Cannabis Linked to Depression, Anxiety, Increased Risk of Other Drug Use

CC BY-SA 4.0 / Frank / CannabisCannabis
Cannabis - Sputnik International, 1920, 12.05.2022
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Although more than 200 million people worldwide are estimated to use cannabis, its health benefits, risks and harmful effects remain widely contested, as are national legislations on its legality. In recent years, the West has moved to a less restrictive approach.
A recent study by Sweden's Karolinska Institutet (KI) has found that cannabis users have a greater risk than non-users of migrating to other drugs. They are also more prone to anxiety and depression, it found.
In her study, KI researcher Rynaz Rabiee investigated the relationship between cannabis and later drug addiction in 9,700 adults who have been studied for 16 years, and concluded that cannabis use is not an independent risk factor.

“Cannabis use could be linked to an increased risk of other drug use when followed up after three years,” Rabiee wrote.

The risk of other drug use was greatest among habitual cannabis users and was nearly 10 times higher than among those who never used it.
The study also looked at the relationship between cannabis use and anxiety and depression among 1,100 women born between 1955 and 1993.

“As cannabis gained in potency over the past 20 years, we wanted to investigate whether the connection was stronger among the women who had used cannabis during that time. It turned out that among the youngest age bracket, surveyed between the years 2000 and 2015, those who had used cannabis had more than twice as much risk of depression than those who hadn't. This connection became even clearer when we factored in the effect of the time frame of cannabis use,” Rabiee explained.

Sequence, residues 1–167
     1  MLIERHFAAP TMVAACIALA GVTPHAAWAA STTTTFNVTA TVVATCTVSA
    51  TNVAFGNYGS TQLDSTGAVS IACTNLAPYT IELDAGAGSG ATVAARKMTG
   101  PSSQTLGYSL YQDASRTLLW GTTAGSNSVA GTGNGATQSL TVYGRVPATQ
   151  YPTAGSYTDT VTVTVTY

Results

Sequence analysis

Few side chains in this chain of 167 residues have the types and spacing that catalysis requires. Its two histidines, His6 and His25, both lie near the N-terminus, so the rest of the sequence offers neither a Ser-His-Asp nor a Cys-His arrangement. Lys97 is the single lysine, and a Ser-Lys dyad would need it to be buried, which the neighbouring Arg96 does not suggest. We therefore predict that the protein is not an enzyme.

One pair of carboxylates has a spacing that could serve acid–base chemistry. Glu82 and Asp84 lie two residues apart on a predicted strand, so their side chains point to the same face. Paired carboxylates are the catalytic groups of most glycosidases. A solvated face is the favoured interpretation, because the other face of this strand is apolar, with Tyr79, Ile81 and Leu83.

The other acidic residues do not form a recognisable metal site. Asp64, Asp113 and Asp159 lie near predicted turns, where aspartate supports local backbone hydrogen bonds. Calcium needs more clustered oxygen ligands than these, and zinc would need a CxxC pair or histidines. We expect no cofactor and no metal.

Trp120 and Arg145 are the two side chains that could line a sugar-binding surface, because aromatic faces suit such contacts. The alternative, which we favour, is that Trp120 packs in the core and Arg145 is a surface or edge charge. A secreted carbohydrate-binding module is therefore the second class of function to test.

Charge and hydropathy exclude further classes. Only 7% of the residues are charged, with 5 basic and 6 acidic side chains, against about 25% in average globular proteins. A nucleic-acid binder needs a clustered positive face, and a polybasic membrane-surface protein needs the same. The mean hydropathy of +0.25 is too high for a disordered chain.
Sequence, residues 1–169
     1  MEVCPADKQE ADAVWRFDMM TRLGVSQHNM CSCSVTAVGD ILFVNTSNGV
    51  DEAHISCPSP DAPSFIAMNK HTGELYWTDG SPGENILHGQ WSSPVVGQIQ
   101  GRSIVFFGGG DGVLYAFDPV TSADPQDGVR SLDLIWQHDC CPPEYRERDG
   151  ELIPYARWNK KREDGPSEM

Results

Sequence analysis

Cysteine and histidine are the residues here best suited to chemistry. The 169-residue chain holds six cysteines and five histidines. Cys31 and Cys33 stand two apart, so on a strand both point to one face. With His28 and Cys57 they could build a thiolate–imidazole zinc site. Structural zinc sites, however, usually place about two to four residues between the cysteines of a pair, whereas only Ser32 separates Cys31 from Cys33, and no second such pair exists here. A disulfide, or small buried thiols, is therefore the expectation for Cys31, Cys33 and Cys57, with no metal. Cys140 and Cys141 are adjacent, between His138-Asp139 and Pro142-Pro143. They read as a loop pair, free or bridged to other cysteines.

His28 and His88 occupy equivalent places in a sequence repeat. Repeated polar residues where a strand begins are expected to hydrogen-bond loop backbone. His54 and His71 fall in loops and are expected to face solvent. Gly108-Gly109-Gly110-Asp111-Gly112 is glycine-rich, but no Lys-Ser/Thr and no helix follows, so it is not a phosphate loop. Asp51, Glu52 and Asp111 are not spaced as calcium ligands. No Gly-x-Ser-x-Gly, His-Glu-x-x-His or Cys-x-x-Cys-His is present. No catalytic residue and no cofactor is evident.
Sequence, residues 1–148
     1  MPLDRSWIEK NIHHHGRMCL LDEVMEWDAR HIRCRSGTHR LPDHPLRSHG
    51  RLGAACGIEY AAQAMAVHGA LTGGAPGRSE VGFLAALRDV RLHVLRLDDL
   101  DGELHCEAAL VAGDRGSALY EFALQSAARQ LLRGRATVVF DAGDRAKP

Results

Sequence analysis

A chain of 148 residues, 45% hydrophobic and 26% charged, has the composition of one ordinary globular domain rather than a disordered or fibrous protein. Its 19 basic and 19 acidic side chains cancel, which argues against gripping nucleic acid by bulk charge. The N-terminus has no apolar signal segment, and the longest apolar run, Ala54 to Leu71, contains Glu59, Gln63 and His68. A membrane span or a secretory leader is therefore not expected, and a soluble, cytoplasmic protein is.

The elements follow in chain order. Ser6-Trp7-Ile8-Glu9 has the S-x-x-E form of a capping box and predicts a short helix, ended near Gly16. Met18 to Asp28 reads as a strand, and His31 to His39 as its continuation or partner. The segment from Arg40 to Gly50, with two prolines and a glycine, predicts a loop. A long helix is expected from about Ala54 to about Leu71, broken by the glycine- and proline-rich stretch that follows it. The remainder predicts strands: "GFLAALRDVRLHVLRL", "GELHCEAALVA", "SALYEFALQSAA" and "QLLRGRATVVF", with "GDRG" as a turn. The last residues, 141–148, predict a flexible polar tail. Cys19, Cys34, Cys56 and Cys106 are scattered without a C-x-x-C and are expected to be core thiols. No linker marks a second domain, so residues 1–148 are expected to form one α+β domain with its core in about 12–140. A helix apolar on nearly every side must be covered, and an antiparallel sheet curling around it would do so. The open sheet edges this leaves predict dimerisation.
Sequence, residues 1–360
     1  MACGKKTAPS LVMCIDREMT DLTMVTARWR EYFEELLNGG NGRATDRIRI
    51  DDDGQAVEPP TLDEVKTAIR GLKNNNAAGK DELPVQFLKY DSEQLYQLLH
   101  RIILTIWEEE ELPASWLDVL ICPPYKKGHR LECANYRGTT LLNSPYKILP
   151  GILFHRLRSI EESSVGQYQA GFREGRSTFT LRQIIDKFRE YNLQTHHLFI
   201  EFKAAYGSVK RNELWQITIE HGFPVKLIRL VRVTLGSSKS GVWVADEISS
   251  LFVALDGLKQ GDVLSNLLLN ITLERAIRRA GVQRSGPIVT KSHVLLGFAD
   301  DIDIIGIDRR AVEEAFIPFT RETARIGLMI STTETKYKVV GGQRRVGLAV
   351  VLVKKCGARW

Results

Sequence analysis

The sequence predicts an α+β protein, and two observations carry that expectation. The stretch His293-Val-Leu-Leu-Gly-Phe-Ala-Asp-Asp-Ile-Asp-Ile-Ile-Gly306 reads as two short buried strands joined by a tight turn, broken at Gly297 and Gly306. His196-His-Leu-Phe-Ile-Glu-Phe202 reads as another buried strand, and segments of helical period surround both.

Rabiee also took a closer look at individuals with a cannabis-related diagnosis from the Swedish healthcare using data from the national registry. She found that cannabis-related diagnoses have increased in Sweden over time and it is the younger users who are responsible for the more than tenfold increase. Men from younger groups, with lower education and low income are diagnosed the most.
Cannabis is a psychoactive substance that affects brain function, human behaviour and consciousness. Its legality for medical and recreational use varies according to country, in terms of possession, distribution, and cultivation, and consumption. Several international conventions classify it as an addictive drug with a serious risk of abuse.
Although the use of cannabis for recreational purposes is prohibited and punished in most countries, many western nations have adopted a policy of decriminalisation to make simple possession a non-criminal offence (similar in severity to a minor traffic violation). Still, commercial sale of recreational cannabis is only legalised nationwide in two countries - Canada and Uruguay.
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